The Mexican wolves were either off-display or taking advantage of their dens under the fallen cottonwood tree, but elsewhere we saw giraffes, zebras, ostriches, and many, many more animals than I can possibly list here, including some free-ranging peacocks who very clearly thought they owned the place.

We finished by walking out to where we could see Daisy, the baby elephant, and her mother, Rose. To keep this young creature from being overwhelmed by her admirers, the zoo staff has Daisy on display only a limited time each day. Her enclosure is separated from human contact by the tracks of the (very quiet) zoo rail system.

We had a great view from the train platform. I’m not usually much for elephants, but Daisy was so clearly enjoying herself as she threaded between the tree-truck legs of her mother and another elephant that we stood watching them all for quite a long while. I think I’ve been converted!

About a quarter of an hour before closing, Jim and I wandered out to our car, a bit footsore but very content. I want to go back to the zoo again before too much time goes by. Daisy will be a little bigger, and I’m pretty sure at least one zebra was pregnant. There’s so much to see and, as with anything alive, the view keeps changing.

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10 Responses to “Smiles and Sass”

  1. Ann M Nalley Says:

    I love our National Zoo here in Washington, DC. I am looking forward to my son Christopher’s class trip to the National Zoo at the end of May. He and I have made the trip there regularly (at least three times a year) since he was three, and the animals feel like friends. Great post!

  2. jenna Says:

    It’s always nice to hear about people enjoying their trip to the zoo. I am a zookeeper and all too often the only things I hear from people are about how animals weren’t out or other complaints. This was a lovely post to read and I hope that you continue to enjoy your zoo visits. If you ever happen to come across a keeper don’t hesitate to talk to them. We appreciate hearing nice things about our zoo. Also, most of us love to brag about our animals so you might get treated to some fun stories or if you are really lucky, a tour.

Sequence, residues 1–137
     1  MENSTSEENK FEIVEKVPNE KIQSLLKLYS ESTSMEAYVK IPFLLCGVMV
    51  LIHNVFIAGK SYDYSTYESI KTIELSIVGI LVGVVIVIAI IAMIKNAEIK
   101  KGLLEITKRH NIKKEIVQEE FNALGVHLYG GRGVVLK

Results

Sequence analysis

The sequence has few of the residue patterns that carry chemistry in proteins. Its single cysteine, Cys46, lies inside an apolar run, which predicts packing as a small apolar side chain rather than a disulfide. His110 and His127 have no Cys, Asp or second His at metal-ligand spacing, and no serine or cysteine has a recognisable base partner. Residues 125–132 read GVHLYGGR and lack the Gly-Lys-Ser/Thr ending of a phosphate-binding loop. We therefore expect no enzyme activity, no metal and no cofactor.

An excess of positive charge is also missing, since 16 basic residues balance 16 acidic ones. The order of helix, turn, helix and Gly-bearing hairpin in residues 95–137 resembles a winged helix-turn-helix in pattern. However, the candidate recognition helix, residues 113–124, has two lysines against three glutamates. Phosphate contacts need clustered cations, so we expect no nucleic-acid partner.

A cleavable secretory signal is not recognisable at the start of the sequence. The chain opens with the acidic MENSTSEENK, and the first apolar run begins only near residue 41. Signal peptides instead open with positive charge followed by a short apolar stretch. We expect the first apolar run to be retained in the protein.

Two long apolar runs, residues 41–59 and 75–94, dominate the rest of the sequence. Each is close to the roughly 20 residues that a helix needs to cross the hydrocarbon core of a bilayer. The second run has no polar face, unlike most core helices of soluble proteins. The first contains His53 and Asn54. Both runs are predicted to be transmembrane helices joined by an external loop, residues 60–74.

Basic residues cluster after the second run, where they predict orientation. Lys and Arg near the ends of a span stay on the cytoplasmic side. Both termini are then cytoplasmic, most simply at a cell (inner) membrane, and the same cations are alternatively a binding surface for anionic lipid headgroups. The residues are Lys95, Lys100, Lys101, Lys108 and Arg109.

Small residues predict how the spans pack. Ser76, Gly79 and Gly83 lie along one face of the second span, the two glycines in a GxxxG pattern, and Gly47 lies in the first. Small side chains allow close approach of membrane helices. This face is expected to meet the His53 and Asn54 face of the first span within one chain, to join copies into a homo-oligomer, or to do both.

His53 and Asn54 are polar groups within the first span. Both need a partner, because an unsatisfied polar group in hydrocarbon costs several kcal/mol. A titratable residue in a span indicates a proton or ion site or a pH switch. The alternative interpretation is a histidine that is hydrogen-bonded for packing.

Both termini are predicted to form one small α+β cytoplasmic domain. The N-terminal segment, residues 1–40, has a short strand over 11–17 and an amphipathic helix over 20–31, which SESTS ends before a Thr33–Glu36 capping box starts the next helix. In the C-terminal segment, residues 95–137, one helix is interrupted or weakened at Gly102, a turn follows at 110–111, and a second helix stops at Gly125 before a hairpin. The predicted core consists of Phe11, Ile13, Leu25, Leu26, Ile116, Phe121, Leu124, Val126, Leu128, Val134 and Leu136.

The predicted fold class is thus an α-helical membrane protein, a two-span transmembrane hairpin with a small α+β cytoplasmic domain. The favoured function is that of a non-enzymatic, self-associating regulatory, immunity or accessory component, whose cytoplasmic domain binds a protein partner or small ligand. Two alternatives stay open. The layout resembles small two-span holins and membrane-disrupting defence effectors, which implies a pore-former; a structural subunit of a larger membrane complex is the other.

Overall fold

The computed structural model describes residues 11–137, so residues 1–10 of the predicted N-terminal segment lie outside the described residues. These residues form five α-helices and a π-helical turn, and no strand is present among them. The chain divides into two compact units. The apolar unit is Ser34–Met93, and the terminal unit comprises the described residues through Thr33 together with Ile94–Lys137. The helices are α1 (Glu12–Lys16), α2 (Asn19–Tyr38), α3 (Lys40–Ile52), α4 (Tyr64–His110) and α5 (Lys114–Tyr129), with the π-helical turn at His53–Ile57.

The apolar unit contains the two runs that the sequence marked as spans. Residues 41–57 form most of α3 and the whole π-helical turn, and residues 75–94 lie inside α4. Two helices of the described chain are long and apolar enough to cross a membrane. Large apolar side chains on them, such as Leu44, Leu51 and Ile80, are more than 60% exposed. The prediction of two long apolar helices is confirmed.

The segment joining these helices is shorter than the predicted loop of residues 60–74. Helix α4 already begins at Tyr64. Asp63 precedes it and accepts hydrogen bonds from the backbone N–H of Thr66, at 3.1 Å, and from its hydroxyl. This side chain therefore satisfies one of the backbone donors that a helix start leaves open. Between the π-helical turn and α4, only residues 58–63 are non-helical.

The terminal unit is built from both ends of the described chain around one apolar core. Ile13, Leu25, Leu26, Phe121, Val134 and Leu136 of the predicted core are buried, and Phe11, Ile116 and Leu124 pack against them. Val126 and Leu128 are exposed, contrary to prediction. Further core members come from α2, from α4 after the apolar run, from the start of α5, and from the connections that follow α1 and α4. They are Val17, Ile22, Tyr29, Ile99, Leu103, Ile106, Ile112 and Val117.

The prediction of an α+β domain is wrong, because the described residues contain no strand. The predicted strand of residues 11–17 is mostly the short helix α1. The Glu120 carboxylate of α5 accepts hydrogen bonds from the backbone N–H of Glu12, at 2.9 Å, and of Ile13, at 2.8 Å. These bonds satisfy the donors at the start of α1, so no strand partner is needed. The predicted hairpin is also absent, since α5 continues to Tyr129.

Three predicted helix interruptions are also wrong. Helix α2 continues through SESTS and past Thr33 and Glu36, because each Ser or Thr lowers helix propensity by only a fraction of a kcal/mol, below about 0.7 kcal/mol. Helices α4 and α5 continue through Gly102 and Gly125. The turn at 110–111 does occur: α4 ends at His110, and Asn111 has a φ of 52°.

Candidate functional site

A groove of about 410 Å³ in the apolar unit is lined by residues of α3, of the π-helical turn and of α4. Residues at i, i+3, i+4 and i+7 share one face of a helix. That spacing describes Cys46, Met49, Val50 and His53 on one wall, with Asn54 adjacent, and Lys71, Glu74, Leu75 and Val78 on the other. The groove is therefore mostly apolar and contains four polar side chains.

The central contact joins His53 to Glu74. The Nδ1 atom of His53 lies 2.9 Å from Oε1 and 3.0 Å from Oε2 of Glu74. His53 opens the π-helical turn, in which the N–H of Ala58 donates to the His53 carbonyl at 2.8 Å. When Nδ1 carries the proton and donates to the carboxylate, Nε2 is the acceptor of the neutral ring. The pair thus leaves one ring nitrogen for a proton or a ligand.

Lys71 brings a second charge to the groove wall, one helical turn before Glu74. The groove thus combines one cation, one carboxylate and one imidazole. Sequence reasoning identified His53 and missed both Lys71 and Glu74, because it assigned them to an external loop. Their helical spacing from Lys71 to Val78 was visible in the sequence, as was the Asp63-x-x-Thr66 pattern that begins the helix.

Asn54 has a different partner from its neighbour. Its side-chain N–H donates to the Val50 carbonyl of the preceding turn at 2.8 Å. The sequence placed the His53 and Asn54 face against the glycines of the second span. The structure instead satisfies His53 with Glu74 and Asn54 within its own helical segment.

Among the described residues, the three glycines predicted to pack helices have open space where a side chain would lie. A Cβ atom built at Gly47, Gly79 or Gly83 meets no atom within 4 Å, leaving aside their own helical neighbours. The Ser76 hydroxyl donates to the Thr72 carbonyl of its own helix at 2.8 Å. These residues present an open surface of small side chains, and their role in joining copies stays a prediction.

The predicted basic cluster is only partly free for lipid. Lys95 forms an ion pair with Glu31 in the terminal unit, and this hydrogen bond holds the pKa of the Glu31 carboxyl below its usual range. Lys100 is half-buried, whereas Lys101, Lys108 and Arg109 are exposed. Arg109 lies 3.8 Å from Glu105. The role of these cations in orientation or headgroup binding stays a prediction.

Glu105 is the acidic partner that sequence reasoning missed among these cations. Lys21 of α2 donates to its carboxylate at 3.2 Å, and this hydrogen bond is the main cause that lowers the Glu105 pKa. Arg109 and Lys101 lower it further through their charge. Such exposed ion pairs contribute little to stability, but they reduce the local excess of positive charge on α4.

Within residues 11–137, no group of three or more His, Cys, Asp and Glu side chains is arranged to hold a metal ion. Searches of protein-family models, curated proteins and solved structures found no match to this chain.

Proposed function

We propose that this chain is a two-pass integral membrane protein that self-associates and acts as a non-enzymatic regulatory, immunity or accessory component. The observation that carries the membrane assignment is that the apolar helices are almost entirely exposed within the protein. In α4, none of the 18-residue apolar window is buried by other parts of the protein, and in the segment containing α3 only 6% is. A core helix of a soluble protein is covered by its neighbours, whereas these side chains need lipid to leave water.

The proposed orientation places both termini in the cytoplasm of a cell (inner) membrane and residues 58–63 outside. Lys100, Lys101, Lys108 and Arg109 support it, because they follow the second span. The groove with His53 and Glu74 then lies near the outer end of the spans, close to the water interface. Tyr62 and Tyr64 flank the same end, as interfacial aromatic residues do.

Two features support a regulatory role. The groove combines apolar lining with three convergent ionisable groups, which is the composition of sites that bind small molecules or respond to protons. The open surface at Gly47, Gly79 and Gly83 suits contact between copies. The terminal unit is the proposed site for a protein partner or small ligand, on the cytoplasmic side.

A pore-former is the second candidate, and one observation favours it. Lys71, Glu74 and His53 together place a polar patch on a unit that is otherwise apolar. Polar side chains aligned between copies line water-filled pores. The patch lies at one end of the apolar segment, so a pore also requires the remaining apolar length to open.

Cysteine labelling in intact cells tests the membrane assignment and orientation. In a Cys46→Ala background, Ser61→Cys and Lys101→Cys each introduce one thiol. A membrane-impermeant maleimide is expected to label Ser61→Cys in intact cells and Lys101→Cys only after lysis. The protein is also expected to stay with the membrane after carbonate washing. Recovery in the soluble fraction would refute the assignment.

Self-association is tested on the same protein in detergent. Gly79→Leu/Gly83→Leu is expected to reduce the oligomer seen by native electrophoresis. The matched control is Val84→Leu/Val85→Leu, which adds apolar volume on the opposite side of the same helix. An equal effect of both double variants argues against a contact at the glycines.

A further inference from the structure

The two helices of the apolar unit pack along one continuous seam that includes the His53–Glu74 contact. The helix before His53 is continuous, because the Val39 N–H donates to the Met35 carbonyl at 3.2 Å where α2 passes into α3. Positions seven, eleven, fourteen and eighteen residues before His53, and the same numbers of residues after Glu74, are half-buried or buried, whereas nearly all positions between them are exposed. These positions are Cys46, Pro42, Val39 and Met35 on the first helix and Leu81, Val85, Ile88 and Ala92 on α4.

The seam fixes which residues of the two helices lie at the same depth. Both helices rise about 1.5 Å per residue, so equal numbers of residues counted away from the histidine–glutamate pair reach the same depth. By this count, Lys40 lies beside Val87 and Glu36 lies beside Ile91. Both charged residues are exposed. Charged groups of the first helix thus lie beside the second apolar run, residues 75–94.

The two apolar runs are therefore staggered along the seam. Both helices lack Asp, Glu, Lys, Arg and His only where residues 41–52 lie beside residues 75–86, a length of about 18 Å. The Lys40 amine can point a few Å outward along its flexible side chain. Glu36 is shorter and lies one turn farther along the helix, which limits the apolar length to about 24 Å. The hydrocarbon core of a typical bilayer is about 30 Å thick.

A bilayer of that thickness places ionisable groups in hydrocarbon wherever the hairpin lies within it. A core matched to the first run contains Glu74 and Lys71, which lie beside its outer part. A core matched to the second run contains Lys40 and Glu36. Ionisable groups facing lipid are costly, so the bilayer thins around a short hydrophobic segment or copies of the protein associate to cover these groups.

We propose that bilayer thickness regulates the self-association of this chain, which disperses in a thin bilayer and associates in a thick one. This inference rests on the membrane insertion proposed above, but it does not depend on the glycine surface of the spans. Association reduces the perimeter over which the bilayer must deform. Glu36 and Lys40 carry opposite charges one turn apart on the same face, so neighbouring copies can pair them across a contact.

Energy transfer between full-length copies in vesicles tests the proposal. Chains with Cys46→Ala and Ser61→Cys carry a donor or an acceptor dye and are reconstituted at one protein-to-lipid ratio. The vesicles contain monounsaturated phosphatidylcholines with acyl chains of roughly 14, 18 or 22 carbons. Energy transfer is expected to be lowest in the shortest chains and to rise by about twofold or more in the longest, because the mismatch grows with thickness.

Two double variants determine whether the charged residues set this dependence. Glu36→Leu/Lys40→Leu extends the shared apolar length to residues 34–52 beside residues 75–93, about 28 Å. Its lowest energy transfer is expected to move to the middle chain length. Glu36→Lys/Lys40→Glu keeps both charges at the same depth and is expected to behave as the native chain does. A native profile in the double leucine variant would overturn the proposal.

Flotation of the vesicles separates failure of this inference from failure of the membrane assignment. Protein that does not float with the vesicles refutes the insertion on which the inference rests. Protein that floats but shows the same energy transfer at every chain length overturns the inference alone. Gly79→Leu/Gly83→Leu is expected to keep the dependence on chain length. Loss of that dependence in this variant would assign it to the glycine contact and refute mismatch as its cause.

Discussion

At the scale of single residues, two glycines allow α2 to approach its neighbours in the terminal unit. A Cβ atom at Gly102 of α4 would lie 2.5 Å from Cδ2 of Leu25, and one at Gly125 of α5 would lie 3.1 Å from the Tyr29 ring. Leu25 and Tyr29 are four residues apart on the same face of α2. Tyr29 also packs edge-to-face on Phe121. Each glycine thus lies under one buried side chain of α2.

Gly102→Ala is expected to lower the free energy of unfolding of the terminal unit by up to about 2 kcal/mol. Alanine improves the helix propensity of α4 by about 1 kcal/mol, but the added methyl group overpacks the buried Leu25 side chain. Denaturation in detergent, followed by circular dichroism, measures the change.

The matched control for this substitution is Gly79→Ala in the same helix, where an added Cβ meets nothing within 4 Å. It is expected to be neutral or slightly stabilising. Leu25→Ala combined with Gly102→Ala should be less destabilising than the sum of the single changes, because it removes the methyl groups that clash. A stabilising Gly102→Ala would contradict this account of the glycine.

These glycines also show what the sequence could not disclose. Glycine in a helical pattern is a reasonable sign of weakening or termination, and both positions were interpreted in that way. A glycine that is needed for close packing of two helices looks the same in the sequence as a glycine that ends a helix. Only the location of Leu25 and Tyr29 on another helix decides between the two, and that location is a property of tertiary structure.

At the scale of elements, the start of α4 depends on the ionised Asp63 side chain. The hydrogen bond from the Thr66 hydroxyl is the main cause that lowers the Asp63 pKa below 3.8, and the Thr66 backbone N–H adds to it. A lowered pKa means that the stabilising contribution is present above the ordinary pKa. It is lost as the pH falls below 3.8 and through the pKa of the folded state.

3. Alan Robson Says:

    Here in Wellington we’ve got a wild life reserve with a pest proof fence surrounding it. Inside the fence is a flourishing colony of New Zealand native birds, lizards and insects — we have no native mammals apart from a single species of bat.

    The reserve is just bush, with paths through it. The creatures are not captive, they are not in cages, so it’s pure luck whether you see anything on your visit. The guidebook admonishes you to keep quiet and listen closely. Often the first intimation that something is sneaking up on you is a rustling in the bush, or a chirrup from up a tree. And if you pause and look carefully, you might just spot something looking back at you…

    Of course sometimes it’s easy.

    “Chirrup, chirrup, tweet tweet tweet,” sang something.

    We looked around eagerly, and a tui came crashing through the canopy, singing at the top of its voice. It made a bee-line for a nice looking tree and came in fast for a three point landing. It grabbed hold of the branch, and engaged full reverse thrust on all its engines to soak up the momentum. But I think its instruments must have been faulty because it fell off the branch and tumbled head over heels all the way down to the ground.

    And as it fell, it said: “SQUAWK!”, and we all knew exactly what it was saying. Some words are part of a universal language.